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Data from: Evidence for the introduction of the Asian red alga Neosiphonia japonica and its introgression with Neosiphonia harveyi (Ceramiales, Rhodophyta) in the Northwest Atlantic

Citation

Savoie, Amanda M.; Saunders, Gary W. (2015), Data from: Evidence for the introduction of the Asian red alga Neosiphonia japonica and its introgression with Neosiphonia harveyi (Ceramiales, Rhodophyta) in the Northwest Atlantic, Dryad, Dataset, https://doi.org/10.5061/dryad.mn03c

Abstract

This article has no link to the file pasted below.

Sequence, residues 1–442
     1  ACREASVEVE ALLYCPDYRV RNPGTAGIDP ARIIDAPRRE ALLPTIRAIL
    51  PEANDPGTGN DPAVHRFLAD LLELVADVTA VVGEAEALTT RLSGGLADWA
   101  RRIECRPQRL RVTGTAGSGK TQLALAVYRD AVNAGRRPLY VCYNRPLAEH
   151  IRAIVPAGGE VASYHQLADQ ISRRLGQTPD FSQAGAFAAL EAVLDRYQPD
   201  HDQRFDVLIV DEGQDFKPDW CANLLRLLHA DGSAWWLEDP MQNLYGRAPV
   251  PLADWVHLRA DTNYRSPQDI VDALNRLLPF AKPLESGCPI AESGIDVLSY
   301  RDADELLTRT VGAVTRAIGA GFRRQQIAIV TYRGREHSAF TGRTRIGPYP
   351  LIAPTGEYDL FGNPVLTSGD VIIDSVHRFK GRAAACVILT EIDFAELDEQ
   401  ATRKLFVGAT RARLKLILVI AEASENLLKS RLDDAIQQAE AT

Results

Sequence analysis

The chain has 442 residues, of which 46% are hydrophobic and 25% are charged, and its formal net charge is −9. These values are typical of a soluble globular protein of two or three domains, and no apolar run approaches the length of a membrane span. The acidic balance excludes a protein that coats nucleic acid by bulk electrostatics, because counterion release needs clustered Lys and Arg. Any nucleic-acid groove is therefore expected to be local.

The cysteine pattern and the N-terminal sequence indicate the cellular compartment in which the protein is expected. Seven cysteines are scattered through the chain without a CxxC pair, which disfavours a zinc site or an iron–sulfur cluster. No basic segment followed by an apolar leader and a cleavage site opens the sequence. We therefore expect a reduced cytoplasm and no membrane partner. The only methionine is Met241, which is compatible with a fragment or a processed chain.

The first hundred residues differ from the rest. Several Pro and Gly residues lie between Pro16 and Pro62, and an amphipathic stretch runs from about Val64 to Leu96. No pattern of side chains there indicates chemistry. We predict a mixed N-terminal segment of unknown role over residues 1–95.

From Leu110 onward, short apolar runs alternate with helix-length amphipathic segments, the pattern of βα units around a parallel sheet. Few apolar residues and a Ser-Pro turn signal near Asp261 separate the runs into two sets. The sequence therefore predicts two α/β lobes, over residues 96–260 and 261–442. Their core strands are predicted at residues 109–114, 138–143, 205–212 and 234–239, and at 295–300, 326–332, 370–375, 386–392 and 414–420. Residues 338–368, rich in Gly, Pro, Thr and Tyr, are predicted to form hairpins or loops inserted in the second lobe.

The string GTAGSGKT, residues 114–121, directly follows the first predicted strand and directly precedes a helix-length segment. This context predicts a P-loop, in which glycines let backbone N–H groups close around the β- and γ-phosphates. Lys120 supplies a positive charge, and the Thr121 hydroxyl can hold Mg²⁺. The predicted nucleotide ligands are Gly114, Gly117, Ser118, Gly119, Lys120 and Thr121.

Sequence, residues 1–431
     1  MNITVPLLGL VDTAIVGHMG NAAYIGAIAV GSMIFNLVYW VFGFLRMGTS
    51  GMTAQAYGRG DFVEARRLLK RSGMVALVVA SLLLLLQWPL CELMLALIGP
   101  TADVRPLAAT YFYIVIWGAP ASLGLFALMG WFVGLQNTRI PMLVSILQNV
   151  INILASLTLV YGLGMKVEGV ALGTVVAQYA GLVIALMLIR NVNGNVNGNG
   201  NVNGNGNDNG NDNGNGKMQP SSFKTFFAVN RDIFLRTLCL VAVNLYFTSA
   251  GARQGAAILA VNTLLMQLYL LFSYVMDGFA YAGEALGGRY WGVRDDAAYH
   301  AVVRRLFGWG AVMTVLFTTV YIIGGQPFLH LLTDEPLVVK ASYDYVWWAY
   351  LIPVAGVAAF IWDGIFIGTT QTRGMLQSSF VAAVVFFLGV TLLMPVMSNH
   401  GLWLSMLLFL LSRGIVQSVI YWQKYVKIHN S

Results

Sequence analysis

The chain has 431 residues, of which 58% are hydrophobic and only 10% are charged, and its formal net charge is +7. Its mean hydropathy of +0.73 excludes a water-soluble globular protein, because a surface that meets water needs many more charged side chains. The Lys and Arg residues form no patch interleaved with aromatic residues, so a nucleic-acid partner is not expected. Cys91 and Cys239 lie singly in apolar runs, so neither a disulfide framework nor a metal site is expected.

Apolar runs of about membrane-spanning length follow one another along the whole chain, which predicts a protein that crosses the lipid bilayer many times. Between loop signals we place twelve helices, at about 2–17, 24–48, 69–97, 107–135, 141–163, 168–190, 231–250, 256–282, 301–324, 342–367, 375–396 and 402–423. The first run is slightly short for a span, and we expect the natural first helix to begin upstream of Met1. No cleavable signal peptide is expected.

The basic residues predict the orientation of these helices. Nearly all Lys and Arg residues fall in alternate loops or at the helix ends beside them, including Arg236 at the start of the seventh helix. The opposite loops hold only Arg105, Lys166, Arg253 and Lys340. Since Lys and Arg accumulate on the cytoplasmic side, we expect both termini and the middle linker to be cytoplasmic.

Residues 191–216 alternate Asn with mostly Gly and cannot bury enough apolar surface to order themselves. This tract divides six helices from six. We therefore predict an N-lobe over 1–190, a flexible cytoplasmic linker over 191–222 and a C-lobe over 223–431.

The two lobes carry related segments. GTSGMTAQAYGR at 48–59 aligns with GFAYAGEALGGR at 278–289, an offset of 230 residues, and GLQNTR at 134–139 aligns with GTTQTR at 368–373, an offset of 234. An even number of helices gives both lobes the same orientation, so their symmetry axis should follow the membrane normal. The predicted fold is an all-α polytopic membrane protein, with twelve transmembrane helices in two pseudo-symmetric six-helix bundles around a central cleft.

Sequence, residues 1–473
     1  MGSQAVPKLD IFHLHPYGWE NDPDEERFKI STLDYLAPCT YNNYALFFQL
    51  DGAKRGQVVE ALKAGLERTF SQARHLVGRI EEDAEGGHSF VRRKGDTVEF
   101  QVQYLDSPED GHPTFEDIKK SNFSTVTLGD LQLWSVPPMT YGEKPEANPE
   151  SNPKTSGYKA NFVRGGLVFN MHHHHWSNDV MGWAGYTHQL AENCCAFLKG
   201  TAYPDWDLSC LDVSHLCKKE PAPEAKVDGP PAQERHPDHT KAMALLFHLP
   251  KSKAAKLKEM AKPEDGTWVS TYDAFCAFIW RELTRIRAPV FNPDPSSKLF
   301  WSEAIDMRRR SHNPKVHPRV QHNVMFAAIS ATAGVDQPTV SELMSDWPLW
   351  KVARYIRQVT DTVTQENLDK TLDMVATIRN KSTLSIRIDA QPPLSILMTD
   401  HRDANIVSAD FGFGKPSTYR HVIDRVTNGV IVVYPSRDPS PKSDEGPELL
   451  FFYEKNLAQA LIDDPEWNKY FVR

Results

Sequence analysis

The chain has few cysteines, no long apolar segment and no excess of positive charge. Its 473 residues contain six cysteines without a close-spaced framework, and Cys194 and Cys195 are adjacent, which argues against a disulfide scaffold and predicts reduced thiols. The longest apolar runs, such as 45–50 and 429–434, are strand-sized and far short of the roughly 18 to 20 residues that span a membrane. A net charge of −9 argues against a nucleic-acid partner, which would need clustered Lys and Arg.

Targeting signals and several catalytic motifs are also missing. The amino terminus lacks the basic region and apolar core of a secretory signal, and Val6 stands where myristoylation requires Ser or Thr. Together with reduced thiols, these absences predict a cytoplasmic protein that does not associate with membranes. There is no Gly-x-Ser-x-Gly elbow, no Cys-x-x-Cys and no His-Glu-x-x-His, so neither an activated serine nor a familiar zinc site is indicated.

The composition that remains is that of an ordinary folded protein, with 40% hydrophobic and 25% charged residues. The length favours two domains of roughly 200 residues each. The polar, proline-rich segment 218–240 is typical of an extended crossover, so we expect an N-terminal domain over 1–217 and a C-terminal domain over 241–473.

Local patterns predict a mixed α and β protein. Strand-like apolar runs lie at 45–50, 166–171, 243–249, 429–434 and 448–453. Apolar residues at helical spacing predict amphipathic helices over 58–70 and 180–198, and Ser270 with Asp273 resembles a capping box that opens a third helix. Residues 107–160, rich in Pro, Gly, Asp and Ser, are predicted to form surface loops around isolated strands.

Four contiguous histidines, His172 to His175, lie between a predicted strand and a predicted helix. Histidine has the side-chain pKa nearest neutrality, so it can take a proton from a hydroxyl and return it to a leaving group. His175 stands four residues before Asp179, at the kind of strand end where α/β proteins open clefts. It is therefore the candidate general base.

There is currently conflict in the literature on the taxonomic status of the reportedly cosmopolitan species Neosiphonia harveyi, a common red alga along the coast of Atlantic Canada and New England, USA. Neosiphonia harveyi sensu lato was assessed using three molecular markers: COI-5P, ITS and rbcL. All three markers clearly delimited three genetic species groups within N. harveyi sensu lato in this region, which we identified as N. harveyi, N. japonica and Polysiphonia akkeshiensis (here resurrected from synonymy with N. japonica). Although Neosiphonia harveyi is considered by some authors to be introduced to the Atlantic from the western Pacific, it was only confirmed from the North Atlantic suggesting it is native to this area. In contrast, Neosiphonia japonica was collected from only two sites in Rhode Island, USA, as well as from its reported native range in Asia (South Korea), which when combined with data in GenBank indicates that this species was introduced to the Northwest Atlantic. The GenBank data further indicate that N. japonica was also introduced to North Carolina, Spain, Australia and New Zealand. Despite the fact that all three markers clearly delimited N. harveyi and N. japonica as distinct genetic species groups, the ITS sequences for some N. harveyi individuals displayed mixed patterns and additivity indicating introgression of nuclear DNA from N. japonica into N. harveyi in the Northwest Atlantic. Introgression of DNA from an introduced species to a native species (i.e. “genetic pollution”) is one of the possible consequences of species introductions, and we believe this is the first documented evidence for this phenomenon in red algae.

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